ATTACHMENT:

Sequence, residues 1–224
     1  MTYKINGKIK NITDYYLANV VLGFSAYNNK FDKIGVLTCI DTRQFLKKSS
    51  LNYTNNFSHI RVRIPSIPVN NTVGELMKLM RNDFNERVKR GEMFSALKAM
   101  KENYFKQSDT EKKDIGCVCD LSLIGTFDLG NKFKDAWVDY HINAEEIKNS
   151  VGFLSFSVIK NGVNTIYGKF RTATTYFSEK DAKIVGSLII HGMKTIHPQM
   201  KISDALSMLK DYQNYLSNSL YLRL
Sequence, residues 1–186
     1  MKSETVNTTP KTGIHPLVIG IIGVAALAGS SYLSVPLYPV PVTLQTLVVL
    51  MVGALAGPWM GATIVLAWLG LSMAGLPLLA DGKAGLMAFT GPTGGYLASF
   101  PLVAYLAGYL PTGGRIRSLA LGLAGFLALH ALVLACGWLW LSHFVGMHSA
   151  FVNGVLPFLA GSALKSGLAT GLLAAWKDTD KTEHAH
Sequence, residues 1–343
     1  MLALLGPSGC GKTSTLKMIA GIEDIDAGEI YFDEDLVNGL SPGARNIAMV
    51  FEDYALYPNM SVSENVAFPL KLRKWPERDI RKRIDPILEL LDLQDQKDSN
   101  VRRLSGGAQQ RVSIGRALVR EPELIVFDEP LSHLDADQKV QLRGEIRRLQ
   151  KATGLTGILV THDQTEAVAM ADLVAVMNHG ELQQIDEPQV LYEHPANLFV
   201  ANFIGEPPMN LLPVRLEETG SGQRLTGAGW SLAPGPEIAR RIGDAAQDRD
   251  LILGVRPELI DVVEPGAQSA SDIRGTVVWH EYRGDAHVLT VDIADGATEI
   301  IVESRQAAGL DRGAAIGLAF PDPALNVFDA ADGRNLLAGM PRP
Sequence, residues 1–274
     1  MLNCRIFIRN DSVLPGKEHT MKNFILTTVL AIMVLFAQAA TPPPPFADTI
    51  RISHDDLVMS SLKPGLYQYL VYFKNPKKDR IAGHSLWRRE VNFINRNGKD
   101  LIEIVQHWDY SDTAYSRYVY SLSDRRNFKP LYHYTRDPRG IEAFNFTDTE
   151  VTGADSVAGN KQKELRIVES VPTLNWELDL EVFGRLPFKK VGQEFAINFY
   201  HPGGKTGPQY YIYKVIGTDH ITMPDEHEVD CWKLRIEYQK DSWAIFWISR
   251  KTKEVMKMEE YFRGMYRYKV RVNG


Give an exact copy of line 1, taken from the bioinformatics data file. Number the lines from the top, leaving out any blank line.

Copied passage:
Sequence, residues 1–224